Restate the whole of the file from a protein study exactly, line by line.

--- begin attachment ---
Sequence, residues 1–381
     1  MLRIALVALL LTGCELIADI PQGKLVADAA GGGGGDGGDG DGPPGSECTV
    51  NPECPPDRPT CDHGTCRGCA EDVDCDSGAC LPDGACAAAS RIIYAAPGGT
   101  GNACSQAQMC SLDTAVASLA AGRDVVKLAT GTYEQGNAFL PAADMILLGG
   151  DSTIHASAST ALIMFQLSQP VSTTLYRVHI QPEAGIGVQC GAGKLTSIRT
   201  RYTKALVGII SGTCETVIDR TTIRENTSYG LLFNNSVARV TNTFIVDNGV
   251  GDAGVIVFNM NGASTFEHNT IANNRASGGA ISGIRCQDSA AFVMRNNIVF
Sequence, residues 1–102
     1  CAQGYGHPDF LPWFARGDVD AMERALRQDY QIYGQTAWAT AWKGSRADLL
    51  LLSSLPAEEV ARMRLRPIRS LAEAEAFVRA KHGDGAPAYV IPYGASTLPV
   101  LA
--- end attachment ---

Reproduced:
Sequence, residues 1–381
     1  MLRIALVALL LTGCELIADI PQGKLVADAA GGGGGDGGDG DGPPGSECTV
    51  NPECPPDRPT CDHGTCRGCA EDVDCDSGAC LPDGACAAAS RIIYAAPGGT
   101  GNACSQAQMC SLDTAVASLA AGRDVVKLAT GTYEQGNAFL PAADMILLGG
   151  DSTIHASAST ALIMFQLSQP VSTTLYRVHI QPEAGIGVQC GAGKLTSIRT
   201  RYTKALVGII SGTCETVIDR TTIRENTSYG LLFNNSVARV TNTFIVDNGV
   251  GDAGVIVFNM NGASTFEHNT IANNRASGGA ISGIRCQDSA AFVMRNNIVF
Sequence, residues 1–102
     1  CAQGYGHPDF LPWFARGDVD AMERALRQDY QIYGQTAWAT AWKGSRADLL
    51  LLSSLPAEEV ARMRLRPIRS LAEAEAFVRA KHGDGAPAYV IPYGASTLPV
   101  LA